We all know about the train that comes through our towns multiple times a day. We know there are seemingly one gazillion cars parked out on Port Dock in Aberdeen. But did you know this 68 acre lot is occupied by, Pasha Automotive Services, not only provides dozens of jobs to the Harbor, but also boosts the economy by exporting American-made cars? Or that it is one of many Pasha ports located all over the globe?
Starting in 1947, George Pasha began a business caring for and moving the vehicles of men in deployment overseas. Their cars or trucks often being the one thing these soldiers possessed of value, George would see to it that the cars were moved every few weeks, washed, and cared for so that the vehicles would appear untouched and running smoothly just as their owners left them. The business morphed and evolved into a transportation company that grew from a single dock in San Francisco to a global shipping presence. Pasha is responsible for importing and exporting a variety of different automobiles from GM to Lamborghini and even does contract work exporting military vehicles and choppers.
While overall Pasha imports and exports a variety of foreign and American made cars, Pasha of Aberdeen focuses primarily on exporting American-made products. Pasha brought its business to Aberdeen, Washington in 2009. By the end of the year, the company had its first delivery of cars brought by rail to their docks. The following year, the company had transported more than 30,000 vehicles. This year, Pasha hit their 300,000 car mark! With a growing customer base, parking lot, and employee count, Pasha shows no signs of slowing down. So what kind of person leads this type of large-scale production? The answer is someone competitive.
Matt Raasch has been the General Manager of Pasha in Aberdeen since February of 2013. With a commanding voice and constantly ringing cell phone, Raasch has a knack for making sure Pasha stays on top. “I won’t even let my son beat me at chess,” chuckles Raasch. “I mean he does sometimes now, and he’s also begun to beat me at golf and I hate it! I’m super competitive.” Graduating from Fort Hays State University in Kansas, Raasch chose the school because of a full-ride football scholarship. After four years of playing, his college career led him into coaching and recruiting the same team for 2 years on which he played.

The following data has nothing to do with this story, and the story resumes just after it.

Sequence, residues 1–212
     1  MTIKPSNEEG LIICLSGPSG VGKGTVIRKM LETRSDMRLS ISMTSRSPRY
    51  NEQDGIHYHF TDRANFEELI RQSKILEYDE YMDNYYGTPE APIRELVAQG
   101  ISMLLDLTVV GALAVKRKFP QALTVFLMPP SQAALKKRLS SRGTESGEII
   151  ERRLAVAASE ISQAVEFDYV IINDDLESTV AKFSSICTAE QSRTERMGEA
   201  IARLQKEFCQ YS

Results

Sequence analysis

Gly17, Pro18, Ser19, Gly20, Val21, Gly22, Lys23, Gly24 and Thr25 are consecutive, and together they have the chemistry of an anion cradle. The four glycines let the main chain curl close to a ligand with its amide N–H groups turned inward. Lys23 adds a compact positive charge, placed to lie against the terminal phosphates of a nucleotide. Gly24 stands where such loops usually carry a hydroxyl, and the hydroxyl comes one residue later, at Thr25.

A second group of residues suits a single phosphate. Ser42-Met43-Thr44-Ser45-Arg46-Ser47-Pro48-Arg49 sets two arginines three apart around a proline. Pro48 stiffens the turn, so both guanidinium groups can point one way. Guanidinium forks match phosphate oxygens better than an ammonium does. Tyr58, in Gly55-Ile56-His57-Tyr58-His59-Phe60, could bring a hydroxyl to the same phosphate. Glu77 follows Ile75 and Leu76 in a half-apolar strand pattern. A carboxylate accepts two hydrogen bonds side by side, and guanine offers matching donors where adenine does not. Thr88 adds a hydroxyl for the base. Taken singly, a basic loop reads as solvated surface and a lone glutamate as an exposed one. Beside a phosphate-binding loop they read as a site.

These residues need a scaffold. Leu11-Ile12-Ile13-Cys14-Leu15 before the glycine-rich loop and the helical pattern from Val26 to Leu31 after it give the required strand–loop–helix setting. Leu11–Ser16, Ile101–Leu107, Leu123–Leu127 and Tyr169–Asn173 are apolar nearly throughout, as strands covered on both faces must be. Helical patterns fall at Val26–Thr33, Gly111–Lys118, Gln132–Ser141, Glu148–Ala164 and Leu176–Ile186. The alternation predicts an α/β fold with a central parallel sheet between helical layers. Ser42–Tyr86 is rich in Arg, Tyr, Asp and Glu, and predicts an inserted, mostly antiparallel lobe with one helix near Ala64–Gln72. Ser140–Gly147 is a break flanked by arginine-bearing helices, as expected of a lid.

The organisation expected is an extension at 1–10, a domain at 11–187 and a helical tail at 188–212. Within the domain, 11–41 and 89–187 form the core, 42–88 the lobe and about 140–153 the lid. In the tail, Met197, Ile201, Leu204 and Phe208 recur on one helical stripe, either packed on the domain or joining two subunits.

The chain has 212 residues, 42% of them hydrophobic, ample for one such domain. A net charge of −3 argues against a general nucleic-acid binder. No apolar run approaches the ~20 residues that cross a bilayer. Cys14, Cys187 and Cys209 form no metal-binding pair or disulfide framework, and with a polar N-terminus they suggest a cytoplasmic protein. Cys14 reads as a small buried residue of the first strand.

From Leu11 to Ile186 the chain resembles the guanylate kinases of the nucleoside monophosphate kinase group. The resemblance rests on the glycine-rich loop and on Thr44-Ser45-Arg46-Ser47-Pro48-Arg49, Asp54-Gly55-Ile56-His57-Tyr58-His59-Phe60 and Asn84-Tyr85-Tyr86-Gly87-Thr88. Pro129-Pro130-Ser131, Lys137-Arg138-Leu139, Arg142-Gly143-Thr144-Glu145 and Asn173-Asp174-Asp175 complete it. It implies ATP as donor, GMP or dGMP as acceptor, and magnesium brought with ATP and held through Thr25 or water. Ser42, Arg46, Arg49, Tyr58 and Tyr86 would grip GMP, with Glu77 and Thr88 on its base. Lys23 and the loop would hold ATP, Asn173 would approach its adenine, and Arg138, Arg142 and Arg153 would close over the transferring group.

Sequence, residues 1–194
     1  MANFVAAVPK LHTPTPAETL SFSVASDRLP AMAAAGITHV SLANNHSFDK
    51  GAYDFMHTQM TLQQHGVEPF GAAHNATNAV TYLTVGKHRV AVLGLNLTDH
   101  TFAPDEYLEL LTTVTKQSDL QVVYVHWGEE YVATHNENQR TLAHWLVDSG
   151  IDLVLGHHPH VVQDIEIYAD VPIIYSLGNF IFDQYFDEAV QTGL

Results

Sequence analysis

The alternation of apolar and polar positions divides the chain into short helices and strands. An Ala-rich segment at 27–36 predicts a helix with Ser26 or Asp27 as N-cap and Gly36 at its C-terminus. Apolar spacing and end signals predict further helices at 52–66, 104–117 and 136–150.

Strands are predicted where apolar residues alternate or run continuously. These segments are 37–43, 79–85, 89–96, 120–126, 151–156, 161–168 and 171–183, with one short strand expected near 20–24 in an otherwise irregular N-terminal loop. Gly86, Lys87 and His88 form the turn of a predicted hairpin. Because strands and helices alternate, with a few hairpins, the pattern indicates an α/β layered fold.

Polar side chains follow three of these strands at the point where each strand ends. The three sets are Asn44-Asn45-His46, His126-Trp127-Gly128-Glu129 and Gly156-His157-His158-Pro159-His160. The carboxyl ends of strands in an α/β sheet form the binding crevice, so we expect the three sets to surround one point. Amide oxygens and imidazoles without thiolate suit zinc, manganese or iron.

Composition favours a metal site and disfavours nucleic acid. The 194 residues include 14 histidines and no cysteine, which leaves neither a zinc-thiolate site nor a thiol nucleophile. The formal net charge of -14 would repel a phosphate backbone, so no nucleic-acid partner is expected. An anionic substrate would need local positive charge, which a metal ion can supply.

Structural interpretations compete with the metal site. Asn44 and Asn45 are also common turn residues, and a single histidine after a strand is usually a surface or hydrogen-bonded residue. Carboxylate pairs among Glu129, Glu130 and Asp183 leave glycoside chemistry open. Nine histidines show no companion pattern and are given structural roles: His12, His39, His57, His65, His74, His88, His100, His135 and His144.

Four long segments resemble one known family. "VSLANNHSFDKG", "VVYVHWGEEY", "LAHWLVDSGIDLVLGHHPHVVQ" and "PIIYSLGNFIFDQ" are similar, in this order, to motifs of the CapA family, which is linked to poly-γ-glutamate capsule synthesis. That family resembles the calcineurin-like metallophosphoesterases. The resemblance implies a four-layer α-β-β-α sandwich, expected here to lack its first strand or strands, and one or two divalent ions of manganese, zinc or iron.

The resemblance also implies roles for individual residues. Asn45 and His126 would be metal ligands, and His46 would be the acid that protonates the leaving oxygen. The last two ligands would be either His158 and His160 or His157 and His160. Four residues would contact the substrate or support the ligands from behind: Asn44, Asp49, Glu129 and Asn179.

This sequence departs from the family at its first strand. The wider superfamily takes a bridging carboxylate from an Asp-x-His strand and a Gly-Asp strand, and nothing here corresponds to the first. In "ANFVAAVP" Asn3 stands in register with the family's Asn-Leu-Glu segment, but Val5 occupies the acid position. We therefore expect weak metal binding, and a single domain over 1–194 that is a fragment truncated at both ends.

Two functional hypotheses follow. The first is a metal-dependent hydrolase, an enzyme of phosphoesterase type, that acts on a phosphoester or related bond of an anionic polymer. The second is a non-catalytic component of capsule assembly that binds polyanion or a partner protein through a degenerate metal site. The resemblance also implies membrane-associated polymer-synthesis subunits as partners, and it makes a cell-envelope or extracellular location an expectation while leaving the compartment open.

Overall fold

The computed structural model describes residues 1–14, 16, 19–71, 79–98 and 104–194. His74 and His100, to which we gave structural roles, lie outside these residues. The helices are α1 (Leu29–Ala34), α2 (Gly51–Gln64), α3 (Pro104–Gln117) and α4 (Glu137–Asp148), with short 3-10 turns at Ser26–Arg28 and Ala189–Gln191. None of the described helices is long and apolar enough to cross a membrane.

“I left coaching when my former roommate called me up with a job offer in California. He said he had a job for me that involved wearing a tie, bossing people around, and that I could wear a baseball hat,” says Raasch.
To Raasch, it sounded just like managing a sports team with the addition of a tie. The job fit and Raasch moved West where he worked primarily in shipping before being hired as Senior Operations Manager at the Pasha terminal in San Diego. “That was sort of the grooming ground for taking over here (in Aberdeen),” explains Raasch. “Everything was set up for a smooth walk-in, it’s just moving things from point A to point B.” Raasch feels fortunate that the people before him made it easy to take over and charge full speed ahead.
Of goals, Raasch says he’d like to increase transportation numbers from 100,000 a year to over 200,000 a year. There are plans and agreements in the works that hopefully pan out, as it would bring up the employment numbers and give Pasha adequate reasons to expand the dock as opportunity presents itself.
With all the growth that’s occurred over the last few years, Raasch is excited to see the company being accepted in the community. With towns formerly predominated by the logging industry, the transportation of vehicles instead of logs is definitely a switch. But Raasch sees the increase of exports, and possibly the addition of imports, as a positive event for the community.
With Grays Harbor being one of the most accessible deep water ports on the West coast, the location is ideal. With quicker export times and easier ship-to-dock processes, the accessibility of the port makes an increase in production that much more possible. As Raasch celebrates meeting goals, the community can celebrate an improved economy and the potential of a brighter future.